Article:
In him was life; and the life was the light of men.
I. IN HIM WAS LIFE. God is self-existent. Every being but He had a beginning. Every other being, therefore, must have been created. All life which had a commencement must be derived and not inherent. Christ's life was un-derived and inherent. Therefore He was Divine.
II. THE LIFE WAS THE LIGHT OF MEN. John does not declare it to be the life of men; which would be true. Every tribe of animated existence draws its life from God: But man placed above beasts and birds. The difference consists in deriving life from the Word and having the life which was in Him as our enlivening, illuminating principle in us. This light is that which enables man to walk in a wholly different region from the beasts which perish, penetrating the wonders and scanning the boundaries of the universe, while other creatures are limited to a single and insignificant province. This light is the soul: reason, judgment, conscience. If this soul be eclipsed man is morally and spiritually blind. It is a fine testimony to this light when we find it described as the life which was from all eternity in the Word. It gives a majesty to reason and a dignity to conscience when a man realizes that these are part of the life of his Creator. The man who debases them debases no earthborn or perishable thing. The Word endowed human nature with His own life; hanging up in its chambers a lamp, and continually feeding the flame with the flashings of His own eternity. Shall this lamp be substituted now that it has been fractured, its light dimmed, for the Word Himself? Or shall we boast ourselves free from all need of Him just because there glows in us a principle derived from Him? The strangest spectacle is that of a man taking reason and rejecting Christ as his guide, fancying that in directing himself by the shining of his own spirit he shows himself independent of Christ. Man shows his ignorance of creation in putting scorn on redemption. He draws from the Word those very energies by which he would prove himself independent of the Word. The intellectual capacities were Christ's shinings into the uncorrupted, even as our pardon, and renewal, and acceptance into the depraved and ruined. What gave virtue to His sacrifice was that the Self-existent died, and that which gave this worth was emphatically our light. Reason still burns brightly, conscience is not quenched, and immortality is assured because the Word who never had a beginning consented to be born; the Word who never can end consented to die.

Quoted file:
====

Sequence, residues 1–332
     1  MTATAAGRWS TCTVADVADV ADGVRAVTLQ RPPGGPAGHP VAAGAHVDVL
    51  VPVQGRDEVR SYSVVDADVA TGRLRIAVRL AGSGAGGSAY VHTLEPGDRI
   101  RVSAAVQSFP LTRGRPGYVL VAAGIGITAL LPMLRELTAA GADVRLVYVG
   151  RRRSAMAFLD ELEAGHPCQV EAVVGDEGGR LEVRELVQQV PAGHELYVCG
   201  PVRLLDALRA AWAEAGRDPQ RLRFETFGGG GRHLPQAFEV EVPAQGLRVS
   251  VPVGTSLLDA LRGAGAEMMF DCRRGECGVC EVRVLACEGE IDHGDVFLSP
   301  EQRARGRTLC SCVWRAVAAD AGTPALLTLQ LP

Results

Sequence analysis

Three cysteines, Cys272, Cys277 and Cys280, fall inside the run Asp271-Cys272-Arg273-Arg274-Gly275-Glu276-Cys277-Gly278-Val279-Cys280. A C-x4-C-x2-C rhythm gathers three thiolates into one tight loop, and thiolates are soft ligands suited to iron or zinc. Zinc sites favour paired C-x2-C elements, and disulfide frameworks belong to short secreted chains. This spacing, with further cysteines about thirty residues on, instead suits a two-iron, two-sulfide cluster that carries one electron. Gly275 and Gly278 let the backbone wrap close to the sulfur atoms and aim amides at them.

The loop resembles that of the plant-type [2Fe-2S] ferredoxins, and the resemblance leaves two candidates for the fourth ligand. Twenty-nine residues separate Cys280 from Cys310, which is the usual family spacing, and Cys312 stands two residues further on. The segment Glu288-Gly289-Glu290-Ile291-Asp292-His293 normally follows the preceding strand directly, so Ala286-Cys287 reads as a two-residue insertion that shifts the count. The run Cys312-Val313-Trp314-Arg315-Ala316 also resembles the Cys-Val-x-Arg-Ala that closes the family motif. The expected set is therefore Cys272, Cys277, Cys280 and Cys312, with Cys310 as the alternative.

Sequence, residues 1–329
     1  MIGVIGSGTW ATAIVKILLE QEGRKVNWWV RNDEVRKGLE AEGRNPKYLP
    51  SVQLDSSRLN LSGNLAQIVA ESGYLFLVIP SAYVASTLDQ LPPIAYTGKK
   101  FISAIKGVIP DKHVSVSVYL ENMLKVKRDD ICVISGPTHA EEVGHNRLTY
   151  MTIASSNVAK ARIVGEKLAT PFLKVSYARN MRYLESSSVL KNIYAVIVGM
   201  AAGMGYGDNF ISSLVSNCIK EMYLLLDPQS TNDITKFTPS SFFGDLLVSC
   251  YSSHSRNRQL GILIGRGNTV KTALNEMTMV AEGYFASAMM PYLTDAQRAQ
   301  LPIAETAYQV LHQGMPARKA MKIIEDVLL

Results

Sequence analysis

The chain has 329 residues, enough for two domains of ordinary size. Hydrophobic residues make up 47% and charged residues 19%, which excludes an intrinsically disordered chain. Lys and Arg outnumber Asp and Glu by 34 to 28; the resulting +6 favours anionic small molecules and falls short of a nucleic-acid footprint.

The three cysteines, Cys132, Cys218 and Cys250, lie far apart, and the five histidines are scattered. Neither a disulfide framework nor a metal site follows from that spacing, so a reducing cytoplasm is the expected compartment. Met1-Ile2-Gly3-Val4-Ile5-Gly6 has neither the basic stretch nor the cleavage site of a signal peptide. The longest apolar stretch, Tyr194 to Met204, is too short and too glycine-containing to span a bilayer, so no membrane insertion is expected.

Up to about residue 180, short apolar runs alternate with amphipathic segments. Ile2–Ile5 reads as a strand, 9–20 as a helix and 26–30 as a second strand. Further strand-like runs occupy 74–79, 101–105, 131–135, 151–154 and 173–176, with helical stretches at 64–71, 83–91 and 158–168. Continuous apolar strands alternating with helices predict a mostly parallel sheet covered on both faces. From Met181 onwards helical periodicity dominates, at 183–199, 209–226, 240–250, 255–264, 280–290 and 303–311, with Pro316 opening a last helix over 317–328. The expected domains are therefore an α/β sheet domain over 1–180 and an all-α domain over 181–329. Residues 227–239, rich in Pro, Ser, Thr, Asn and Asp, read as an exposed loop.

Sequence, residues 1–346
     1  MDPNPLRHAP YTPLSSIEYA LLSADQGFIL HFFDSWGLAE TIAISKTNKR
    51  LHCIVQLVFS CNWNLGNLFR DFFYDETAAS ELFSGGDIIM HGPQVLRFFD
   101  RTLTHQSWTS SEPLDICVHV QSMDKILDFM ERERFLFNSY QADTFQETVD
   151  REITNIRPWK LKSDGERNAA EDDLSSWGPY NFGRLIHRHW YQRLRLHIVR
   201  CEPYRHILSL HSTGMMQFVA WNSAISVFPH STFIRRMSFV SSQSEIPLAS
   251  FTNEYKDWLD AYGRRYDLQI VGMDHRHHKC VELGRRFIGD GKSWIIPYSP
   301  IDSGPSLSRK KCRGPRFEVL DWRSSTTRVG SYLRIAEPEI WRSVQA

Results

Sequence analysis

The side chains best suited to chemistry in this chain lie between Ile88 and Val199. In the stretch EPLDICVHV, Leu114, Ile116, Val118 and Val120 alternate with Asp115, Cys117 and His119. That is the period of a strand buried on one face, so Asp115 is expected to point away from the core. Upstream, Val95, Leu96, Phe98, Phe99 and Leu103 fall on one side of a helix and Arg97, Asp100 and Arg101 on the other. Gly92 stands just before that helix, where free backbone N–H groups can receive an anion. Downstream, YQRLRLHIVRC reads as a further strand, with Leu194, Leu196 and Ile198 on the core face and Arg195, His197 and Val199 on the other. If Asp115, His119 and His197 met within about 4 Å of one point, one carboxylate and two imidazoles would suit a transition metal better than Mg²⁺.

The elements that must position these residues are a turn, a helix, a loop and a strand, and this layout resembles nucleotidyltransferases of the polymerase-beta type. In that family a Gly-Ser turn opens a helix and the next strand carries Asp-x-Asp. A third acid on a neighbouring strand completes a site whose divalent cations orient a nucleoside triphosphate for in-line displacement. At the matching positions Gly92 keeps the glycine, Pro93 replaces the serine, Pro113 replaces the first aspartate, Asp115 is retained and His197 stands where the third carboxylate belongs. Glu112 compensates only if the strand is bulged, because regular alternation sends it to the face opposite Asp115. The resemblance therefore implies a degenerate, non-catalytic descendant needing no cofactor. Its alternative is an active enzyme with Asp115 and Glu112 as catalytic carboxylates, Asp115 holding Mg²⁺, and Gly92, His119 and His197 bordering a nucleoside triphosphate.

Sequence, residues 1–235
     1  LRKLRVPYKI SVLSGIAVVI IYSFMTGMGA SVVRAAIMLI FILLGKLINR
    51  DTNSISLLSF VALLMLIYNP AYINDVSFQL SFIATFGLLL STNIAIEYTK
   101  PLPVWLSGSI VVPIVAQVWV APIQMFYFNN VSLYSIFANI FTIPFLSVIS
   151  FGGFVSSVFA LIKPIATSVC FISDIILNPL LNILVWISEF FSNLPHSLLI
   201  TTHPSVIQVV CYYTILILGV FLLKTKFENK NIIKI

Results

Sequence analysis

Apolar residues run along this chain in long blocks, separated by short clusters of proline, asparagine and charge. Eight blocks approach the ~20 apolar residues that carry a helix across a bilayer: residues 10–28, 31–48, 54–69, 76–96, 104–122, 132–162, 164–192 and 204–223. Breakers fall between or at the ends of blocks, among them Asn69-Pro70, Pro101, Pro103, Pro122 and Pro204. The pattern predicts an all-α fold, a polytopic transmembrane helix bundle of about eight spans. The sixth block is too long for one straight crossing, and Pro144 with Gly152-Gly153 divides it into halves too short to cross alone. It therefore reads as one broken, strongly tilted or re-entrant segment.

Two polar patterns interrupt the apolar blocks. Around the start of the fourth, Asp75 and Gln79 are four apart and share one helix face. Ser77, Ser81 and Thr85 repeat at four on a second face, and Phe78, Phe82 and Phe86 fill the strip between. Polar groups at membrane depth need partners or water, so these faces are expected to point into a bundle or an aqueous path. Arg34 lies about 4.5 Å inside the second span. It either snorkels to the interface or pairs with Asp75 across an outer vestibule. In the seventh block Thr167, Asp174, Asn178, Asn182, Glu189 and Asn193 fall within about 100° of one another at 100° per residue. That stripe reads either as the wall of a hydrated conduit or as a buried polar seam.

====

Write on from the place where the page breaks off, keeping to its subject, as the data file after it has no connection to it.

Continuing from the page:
(H. Melvill, B. D.)
Parallel VersesKJV: In him was life; and the life was the light of men.